MICHAEL BOOTHMAN: It took a while for the steel band movement to accept a composition from a fellow pan player. So guys like Ray Holman, who was one of the pioneering arrangers, who composed music for pan to be played on Panorama, had to do it for about three or four years before he was able to make an impact.
PAT BISHOP: Ray Holman is, has, his popularity has to do with the fact that he innovated, that he started diversing the bands from his music, from the music of the streets. But so far he hasn’t, in this mode, won a Panorama. And that must tell you something about the extent to which innovation can carry the popular opinion.
KNOLLY MOSES: All bright and optimistic, his compositions reveal thoughtful design. Structures are understated but precise, moods are carefully defined and style is studiously lyrical. His logic from note to note is exquisite.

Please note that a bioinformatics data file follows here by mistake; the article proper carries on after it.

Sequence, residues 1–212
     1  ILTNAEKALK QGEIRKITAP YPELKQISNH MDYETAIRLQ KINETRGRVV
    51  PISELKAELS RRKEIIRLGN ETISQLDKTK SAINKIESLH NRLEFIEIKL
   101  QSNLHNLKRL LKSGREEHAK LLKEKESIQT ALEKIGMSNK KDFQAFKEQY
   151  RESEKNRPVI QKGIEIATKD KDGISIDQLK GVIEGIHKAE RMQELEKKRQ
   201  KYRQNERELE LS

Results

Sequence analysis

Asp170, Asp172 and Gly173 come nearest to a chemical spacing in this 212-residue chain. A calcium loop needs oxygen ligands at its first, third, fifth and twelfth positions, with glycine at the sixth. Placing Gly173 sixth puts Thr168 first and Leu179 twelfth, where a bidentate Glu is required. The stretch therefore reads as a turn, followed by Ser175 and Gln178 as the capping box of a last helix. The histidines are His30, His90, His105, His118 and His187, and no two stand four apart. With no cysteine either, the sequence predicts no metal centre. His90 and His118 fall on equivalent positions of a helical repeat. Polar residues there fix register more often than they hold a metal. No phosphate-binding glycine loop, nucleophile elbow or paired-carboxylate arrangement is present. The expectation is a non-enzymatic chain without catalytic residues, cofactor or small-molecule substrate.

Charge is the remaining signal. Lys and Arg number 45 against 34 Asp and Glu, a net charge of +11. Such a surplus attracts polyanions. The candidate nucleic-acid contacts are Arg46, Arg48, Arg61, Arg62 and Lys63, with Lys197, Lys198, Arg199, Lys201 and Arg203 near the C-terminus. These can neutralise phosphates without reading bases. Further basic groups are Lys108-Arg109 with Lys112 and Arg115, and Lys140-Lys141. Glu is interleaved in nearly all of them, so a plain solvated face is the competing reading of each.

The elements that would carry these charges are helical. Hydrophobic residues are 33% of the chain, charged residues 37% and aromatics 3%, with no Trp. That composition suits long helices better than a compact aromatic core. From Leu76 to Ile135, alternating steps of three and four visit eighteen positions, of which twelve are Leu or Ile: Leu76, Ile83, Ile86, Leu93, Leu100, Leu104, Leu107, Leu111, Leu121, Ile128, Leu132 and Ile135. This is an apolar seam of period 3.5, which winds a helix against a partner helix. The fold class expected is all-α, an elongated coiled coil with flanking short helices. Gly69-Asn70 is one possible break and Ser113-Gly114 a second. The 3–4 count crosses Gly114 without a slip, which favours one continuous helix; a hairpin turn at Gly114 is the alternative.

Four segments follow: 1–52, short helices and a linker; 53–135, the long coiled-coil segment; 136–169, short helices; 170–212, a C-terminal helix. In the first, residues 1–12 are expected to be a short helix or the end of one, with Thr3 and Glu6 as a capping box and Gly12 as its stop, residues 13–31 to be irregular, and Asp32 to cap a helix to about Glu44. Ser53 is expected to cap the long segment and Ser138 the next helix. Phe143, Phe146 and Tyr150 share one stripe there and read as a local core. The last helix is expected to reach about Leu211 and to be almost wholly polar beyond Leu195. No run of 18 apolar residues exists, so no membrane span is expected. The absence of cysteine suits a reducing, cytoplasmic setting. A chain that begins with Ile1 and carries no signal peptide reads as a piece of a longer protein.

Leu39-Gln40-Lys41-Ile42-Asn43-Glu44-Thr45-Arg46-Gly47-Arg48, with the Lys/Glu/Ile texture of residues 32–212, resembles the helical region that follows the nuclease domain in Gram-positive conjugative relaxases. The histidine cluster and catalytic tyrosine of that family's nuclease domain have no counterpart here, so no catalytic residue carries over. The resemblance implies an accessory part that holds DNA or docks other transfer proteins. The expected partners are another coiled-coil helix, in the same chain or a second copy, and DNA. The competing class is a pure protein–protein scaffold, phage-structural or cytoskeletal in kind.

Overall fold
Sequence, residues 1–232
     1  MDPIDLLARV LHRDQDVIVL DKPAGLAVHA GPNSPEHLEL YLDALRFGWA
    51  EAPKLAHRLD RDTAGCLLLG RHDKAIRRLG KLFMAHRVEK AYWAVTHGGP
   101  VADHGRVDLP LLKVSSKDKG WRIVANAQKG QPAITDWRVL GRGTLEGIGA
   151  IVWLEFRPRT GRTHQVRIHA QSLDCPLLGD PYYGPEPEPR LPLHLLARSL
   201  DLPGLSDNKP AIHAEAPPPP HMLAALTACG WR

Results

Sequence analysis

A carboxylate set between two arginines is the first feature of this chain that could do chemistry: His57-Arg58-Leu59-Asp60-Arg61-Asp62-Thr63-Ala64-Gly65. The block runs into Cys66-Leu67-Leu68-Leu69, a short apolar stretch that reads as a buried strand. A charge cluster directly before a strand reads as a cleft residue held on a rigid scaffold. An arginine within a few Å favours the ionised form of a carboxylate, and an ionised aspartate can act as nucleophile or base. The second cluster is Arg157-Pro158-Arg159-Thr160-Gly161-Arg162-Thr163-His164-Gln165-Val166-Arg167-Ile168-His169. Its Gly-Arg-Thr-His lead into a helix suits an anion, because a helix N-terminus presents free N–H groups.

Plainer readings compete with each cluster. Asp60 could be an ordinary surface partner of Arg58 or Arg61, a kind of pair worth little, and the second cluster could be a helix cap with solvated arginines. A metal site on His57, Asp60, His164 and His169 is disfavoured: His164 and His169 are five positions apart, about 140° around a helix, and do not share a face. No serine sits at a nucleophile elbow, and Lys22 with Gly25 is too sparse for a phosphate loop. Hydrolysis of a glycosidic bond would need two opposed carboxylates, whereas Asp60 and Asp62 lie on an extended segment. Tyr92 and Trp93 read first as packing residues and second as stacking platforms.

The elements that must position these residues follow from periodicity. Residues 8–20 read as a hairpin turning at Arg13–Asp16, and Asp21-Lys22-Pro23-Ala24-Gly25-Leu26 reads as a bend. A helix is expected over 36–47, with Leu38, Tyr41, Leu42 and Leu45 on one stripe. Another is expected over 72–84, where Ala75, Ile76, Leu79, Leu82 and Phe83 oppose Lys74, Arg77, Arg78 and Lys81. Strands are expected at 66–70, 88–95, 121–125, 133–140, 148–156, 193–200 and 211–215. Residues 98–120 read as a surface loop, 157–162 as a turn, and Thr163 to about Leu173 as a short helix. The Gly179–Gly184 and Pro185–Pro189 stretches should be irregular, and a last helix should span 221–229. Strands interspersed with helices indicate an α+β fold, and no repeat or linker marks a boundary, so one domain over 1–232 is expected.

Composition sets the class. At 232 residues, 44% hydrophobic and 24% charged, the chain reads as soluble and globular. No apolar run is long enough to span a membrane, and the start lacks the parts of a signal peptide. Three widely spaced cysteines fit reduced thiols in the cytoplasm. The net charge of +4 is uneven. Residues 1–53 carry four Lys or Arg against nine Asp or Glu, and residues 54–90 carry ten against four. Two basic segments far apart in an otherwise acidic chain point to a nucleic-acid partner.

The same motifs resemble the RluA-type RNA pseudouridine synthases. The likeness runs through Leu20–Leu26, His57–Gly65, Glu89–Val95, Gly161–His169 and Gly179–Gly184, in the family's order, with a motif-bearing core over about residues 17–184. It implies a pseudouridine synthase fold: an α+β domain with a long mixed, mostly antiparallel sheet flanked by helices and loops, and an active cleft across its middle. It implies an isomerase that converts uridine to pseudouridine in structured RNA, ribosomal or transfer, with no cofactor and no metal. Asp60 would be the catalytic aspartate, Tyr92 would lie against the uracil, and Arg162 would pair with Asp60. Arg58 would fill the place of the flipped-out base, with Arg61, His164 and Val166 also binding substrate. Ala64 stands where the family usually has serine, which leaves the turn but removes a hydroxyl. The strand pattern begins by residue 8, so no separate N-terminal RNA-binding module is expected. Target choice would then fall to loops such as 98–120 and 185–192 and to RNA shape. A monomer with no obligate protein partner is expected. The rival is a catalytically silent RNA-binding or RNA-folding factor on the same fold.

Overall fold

Ray’s playing is as easy as his personality and as restrained as the silence he so artfully slips into critical places. Caressing an instrument particularly percussive in its response, his performance here shows flawless technique. His solos have the pacing of American jazz great Lester Young and the purpose of Rupert Clemendore, an accomplished Trinidadian jazz musician of the 1950s.
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